Wednesday, July 30, 2014

Hey Mr McCracken, who is your favorite student?

"Hey Mr McCracken, Who is your favorite student?"

Talk about a loaded question.  Students ask their teachers about favorites all the time; favorite music, food, radio station, TV show, band, and even student!

I met a student one morning hanging out.  We were discussing the roles of a principal and he asked me if I had any favorites!  Definitely a loaded question for any educator.  As teachers we think we pride ourselves as being objective, neutral, fair and equitable.  But I knew that wasn't the case, so I referred to a story.  I fell back to my favorite children's book, Green Eggs and Ham and mentioned these two characters began their relationship from different perspectives.  Sam-I-Am initiated the relationship through a passive, calm and simple introduction.  "I am Sam," "Sam I Am."  These two phrases on the signs he held up influenced what the grouchy guy thought.  Clearly, the Grouchy guy did not care for Sam!  Yet, together, they set out on adventures of increasing intensity. In fact, Sam's first request was delivered from the other end of a long pole.  Sam didn't want to get too close, but then he reeled it in after the introductions were made!

Once they began their adventures together, two important characteristics developed.  First, the adventures all grew with intensity.  Each carried more risk and increased opportunity to fail, yet the Grouchy guy continued to return.  He had many opportunities to exit, but the fun, adventuring and risk pulled him along every chapter!  Additionally, innocent bystanders became active and willing participants.  Everyone on the train, from the boat, along with the goat and other characters were prodding and prompting expectantly for the Grouchy guy to take this risk of taste.  They knew the risk minimal and the reward great, with future benefits far greater yet!  But then, they ALL splashed into the water.  Everything came crashing down yet Sam persisted with his questioning!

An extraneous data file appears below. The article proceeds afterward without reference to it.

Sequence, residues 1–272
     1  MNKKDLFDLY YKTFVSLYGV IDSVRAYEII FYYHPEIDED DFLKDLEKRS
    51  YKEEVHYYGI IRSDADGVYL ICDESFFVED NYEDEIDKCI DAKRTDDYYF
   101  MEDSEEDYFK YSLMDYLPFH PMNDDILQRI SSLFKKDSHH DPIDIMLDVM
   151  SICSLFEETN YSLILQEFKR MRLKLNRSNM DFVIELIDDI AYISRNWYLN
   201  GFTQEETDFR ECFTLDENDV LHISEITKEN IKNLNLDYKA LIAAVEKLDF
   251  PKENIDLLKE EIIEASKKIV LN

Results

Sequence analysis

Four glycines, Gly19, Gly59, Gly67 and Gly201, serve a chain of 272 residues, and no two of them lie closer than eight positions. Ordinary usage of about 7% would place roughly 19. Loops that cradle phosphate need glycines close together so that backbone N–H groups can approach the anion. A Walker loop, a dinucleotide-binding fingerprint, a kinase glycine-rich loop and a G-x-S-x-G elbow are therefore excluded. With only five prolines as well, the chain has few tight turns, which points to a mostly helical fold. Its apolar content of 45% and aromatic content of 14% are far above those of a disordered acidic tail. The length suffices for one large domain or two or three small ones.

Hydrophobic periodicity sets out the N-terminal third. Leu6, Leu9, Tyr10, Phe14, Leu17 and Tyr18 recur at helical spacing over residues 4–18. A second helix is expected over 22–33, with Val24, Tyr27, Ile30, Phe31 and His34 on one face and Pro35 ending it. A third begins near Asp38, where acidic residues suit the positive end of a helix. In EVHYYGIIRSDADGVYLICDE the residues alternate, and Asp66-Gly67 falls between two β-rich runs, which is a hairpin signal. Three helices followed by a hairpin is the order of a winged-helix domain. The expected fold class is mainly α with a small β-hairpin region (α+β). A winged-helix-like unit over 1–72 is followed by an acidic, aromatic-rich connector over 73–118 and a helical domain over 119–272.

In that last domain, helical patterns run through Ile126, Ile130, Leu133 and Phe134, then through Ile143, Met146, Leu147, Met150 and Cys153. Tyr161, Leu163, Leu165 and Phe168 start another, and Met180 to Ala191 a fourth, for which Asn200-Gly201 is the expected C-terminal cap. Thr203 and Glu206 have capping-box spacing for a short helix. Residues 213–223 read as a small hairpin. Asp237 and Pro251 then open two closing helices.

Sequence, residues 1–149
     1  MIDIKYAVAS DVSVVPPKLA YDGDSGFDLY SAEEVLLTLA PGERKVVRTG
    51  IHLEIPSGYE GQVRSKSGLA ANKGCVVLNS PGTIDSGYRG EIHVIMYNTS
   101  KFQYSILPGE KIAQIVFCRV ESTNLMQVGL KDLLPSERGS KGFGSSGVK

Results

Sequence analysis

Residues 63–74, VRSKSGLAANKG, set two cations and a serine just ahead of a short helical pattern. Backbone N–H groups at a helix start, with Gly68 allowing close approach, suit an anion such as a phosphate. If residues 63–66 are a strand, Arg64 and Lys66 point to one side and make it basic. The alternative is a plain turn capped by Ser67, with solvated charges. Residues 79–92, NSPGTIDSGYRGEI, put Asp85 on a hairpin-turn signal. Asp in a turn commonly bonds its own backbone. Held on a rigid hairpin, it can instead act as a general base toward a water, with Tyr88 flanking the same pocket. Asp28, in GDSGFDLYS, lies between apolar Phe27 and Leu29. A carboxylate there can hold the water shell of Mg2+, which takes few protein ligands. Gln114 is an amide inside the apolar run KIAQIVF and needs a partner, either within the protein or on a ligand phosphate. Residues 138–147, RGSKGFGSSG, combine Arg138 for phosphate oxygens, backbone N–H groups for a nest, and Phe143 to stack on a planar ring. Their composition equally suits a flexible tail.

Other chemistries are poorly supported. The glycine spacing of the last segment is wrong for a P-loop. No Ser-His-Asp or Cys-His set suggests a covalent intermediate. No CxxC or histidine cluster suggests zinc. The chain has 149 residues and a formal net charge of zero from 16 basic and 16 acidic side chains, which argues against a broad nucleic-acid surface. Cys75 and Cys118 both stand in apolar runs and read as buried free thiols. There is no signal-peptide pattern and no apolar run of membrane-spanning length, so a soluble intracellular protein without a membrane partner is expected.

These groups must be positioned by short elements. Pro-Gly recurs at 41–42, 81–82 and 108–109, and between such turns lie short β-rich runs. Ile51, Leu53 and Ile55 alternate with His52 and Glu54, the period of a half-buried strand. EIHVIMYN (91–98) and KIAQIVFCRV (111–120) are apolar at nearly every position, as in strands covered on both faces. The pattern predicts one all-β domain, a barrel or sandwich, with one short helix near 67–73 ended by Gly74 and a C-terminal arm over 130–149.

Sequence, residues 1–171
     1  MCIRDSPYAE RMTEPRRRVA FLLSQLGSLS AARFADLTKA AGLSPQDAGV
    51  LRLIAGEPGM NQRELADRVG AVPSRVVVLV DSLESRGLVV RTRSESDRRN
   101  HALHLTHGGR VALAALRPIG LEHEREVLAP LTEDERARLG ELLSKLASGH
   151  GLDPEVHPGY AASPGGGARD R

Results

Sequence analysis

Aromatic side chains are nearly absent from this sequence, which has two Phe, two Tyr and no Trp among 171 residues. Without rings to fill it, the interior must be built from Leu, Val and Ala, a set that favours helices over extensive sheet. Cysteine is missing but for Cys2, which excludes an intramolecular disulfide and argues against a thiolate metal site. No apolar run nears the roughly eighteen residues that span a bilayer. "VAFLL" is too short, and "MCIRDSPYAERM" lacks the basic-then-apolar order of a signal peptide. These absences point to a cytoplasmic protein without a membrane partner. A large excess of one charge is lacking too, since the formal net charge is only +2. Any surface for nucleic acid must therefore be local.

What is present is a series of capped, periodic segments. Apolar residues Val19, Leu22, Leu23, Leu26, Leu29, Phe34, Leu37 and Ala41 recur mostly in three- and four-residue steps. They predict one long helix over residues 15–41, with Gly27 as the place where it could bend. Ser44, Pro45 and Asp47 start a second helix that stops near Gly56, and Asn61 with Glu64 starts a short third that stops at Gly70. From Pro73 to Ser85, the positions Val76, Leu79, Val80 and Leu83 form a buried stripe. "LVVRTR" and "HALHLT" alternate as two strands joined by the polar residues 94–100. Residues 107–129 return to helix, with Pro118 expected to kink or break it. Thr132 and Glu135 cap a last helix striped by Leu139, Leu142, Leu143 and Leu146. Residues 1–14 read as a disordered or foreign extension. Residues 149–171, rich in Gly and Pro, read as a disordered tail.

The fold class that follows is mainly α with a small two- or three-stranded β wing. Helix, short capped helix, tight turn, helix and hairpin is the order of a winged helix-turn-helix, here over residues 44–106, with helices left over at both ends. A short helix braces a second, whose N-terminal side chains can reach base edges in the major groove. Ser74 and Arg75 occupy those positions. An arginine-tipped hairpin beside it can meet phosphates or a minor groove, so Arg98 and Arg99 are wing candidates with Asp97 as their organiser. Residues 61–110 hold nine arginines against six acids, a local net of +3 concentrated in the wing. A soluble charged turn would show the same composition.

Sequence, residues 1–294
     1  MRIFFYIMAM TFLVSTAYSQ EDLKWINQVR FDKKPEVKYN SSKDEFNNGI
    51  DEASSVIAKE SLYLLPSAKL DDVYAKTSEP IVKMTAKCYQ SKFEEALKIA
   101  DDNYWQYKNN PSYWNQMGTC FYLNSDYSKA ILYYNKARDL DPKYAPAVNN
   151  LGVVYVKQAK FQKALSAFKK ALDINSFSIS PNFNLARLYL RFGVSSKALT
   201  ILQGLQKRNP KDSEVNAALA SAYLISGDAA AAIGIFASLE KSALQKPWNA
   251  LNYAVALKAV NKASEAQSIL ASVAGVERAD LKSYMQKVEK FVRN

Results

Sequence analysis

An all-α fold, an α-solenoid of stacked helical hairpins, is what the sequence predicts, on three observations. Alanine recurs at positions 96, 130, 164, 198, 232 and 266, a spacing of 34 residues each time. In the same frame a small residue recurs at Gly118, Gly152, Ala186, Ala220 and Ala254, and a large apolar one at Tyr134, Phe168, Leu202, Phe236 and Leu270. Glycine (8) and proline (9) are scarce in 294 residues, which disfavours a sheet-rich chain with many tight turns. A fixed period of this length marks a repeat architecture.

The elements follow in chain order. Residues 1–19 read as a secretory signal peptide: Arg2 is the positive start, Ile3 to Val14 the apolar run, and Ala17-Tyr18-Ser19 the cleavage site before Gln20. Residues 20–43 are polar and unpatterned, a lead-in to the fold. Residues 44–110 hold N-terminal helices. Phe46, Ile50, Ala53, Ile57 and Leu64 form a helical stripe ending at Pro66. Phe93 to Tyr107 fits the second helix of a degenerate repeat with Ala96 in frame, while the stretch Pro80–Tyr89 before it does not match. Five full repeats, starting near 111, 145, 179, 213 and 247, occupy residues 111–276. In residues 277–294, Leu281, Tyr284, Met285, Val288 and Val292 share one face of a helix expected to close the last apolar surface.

Finally, after that epic fail, where the two characters, along with the multitude of supporting cast members all ended in the water, the grouchy guy relented and took the culinary risk.  The grouchy guy developed trust, confidence and the self assurance needed to take the risk!  They had grown into friends.  Not unlike a teacher working all the contents in their bad of tricks to get some students to try harder.

I continued with my discussion about favorites with another story about an incident in my own classroom, where I ashamedly treated a student with unnecessary sarcasm, in front of all of the other students.  It was from this position of weakness I realized I needed to try and reconcile or erase this verbal jab.  I wrote that young man a letter of affirmation at the end of the school year.  

Ten years later, after that young man finished installing new ceramic tile floors in my new house, he pulled that same letter out of his wallet!  A few years after that, he sent me a text message with a picture of his new born little girl attached! 

Who would be my favorite?  This young man would be one that shares the most experiences!  This young man would likely be called a favorite, but only because we are still connected, still in fellowship, still in contact.  Do I have favorites?  No, just those that I know more then others!
This little girl is a daughter of a former student. That same student and I shared many adventures, many failures, many successes and many victories.  We overcame obstacles together and fought to stay connected. These events are the glue that cements our relationship.  These shared activities draw us together.  This makes him one of the students I've known the longest.  
Would that make him my favorite?
Similarly, as we get to know others more, we become better aware of their characteristics, we trust them better and are more inclined to follow their suggestions. 

Maybe each of us is on our path to becoming a favorite and developing favorites?

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